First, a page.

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Our Feathered Friends

This post part of the Homestead Barn Hop #163

We have been so blessed to be able to live where we do.  My in-laws have a double-wide on the back of their property that they let us rent out from them for dirt cheap, which has really helped us with our financial goals while allowing me to stay home with our boys.  Ma-in-law plants a huge garden every year, and always allows me to plant whatever I want.  She also plants extra for us, too, in exchange for help weeding and harvesting.  My in-laws also raise beef and eggs, and they have been generous in allowing us to raise a beef any time we have been interested in doing so.  This year, through a series of very unfortunate events, we had to replace some of their laying hens. Since we would be raising a new flock (the rest of the hens are ready to "retire"), we asked if they would mind if we doubled the small flock and split the cost of feed and then shared the eggs.  We also asked them if we could raise some broiler chickens at the same time.  Guess what? They said yes!!

When I picked up the chicks at the hatchery, the plan was to buy 25 Cornish Cross as our broilers.  That is what my mother-in-law has always raised, and since I am new at this, I was going to just trust her knowledge.  When I got to the hatchery, they had only a few Cornish Cross left, and they had another breed on sale because they were already a week and a half old, and they needed to make room for a new hatching.  They were normally a dollar more each than the cornish, but were on sale for .50 off.  They are called Red Rangers, and I was pretty impressed with what the hatchery told me about them.  They said they were hardier than the Cornish Cross, and they can support their own weight so they are less likely to die from piling. I figured since they were already a week old, it was worth the extra money because they were less likely to get sick, and the price difference pretty much equaled the cost in feed for that week and a half.  So I took the jump and bought them.  I couldn't be happier.  Even my mother-in-law is impressed with them.  They are four and half weeks old and already half the size of the full-grown laying hens, almost all feathered out, and their legs are HUGE, which I hope foreshadows a large, meaty broiler. We switched them over to a meat bird feed a little over a week ago, and they have really taken off in growth since.  They have been pretty comfortable around us, and are very curious.  If I hold still in the coop, they'll come up and start inspecting my shoes.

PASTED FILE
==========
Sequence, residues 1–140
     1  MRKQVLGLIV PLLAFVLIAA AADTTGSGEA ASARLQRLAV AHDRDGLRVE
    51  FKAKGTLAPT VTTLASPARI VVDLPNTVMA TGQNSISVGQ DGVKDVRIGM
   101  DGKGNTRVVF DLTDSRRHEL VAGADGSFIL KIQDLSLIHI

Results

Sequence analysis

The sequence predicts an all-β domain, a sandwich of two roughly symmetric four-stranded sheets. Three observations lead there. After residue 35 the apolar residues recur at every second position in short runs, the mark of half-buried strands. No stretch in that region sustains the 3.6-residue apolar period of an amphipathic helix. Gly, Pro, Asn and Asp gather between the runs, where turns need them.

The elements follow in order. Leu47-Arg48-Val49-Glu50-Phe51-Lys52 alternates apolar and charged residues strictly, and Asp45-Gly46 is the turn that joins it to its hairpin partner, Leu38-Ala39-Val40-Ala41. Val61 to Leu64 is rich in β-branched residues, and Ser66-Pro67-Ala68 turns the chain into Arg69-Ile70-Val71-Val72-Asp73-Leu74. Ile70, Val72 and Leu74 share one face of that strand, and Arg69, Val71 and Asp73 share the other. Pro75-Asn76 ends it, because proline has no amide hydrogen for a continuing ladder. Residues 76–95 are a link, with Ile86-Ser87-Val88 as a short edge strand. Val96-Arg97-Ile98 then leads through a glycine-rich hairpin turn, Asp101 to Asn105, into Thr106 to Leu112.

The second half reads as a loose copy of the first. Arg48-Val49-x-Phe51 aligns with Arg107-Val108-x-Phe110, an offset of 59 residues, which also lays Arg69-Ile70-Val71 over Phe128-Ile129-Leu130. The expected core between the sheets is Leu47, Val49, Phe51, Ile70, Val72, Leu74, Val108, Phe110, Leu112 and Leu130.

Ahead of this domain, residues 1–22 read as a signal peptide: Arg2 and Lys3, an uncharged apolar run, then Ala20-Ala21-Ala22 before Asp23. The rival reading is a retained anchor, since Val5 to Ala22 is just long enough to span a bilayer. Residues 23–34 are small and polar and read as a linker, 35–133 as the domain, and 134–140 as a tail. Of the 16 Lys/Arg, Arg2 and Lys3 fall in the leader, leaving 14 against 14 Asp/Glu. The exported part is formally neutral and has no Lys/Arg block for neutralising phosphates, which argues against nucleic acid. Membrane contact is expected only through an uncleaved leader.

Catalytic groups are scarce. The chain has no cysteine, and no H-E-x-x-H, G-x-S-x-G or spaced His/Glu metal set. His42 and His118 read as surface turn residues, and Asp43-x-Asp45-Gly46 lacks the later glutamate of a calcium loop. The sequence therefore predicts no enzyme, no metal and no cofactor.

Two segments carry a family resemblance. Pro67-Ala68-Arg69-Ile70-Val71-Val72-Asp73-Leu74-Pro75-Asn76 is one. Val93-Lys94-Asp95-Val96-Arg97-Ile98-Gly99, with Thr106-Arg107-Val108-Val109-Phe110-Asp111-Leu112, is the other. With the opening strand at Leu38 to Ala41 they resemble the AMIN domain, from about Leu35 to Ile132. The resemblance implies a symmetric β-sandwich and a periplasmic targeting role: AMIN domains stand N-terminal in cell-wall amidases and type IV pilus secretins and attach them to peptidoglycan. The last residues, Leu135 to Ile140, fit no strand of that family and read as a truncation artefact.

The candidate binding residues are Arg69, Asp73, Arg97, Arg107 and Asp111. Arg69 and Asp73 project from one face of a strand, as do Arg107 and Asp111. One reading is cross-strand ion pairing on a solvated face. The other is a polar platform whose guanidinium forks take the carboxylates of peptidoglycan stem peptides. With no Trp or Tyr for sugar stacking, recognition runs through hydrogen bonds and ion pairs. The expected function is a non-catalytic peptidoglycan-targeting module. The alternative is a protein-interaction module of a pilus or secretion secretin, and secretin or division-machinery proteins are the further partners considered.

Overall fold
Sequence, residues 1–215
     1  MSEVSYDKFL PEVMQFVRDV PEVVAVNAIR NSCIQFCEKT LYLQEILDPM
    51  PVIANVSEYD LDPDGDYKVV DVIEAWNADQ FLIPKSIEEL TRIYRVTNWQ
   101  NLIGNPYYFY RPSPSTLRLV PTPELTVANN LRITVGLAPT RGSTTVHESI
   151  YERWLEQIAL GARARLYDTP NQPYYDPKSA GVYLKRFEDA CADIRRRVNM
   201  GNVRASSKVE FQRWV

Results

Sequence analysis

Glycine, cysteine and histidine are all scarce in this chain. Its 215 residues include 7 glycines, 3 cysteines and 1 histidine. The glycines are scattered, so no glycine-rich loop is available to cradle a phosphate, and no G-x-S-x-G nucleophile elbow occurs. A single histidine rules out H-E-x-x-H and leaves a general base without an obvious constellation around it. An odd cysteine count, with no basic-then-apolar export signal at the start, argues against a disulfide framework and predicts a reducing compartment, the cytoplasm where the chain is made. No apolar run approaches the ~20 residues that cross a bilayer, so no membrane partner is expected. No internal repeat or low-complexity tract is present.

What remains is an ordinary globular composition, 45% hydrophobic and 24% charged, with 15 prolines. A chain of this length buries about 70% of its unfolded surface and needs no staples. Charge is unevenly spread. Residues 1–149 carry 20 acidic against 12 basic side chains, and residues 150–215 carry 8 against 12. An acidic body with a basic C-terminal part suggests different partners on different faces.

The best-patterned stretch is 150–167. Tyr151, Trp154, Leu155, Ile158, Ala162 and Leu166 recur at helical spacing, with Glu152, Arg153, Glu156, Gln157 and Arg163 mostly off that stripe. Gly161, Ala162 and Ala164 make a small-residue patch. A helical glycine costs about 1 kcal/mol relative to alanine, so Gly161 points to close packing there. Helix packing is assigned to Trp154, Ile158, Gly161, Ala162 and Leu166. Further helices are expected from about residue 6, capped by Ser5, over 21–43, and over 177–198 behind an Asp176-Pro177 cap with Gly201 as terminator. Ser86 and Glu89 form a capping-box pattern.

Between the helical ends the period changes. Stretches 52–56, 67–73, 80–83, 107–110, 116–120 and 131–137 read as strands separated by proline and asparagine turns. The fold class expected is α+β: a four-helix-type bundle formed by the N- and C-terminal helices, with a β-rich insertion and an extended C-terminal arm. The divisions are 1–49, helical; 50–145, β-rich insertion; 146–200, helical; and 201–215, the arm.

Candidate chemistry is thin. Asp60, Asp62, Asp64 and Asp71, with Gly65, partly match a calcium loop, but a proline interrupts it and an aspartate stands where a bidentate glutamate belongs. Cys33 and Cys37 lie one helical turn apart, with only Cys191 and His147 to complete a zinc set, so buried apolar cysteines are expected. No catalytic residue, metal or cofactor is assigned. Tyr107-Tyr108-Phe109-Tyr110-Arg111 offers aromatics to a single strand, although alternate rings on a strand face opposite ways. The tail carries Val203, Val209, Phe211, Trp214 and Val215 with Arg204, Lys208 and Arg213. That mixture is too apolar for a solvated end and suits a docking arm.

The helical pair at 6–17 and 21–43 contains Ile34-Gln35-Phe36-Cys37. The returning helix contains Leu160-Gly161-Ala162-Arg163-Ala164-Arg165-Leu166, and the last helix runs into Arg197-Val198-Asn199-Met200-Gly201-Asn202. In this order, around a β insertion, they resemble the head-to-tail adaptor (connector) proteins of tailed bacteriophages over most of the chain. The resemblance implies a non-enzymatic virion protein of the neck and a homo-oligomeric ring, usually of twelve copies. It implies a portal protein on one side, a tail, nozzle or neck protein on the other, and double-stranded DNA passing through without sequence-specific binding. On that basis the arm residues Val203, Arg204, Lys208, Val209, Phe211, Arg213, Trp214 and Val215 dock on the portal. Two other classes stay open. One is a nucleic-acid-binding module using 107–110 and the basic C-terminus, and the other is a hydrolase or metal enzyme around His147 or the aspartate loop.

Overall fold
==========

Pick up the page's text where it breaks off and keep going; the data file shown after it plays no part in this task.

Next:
We bought a dozen pullets (the hatchery threw in a few extra just in case). Half are Barred Rocks, the other half are Australorps.  They have been pretty skittish around people, which makes me sad, but they are growing really well.  They're wings are pretty much all feathered out, and some of their tail feathers have come in as well. These were only a day or two old when we picked them up, and they are growing at about half the rate of their meat-bird counterparts in the next room. At three weeks old, they are only now about as big as the Red Rangers were when we picked them up.

Does anyone have any suggestions for how to get the pullets/hens to be less afraid of me?  I was kind of hoping to have them act a bit more like the Red Rangers have been so that egg gathering and any chicken "wrangling" will be easier down the road.  Any thoughts?


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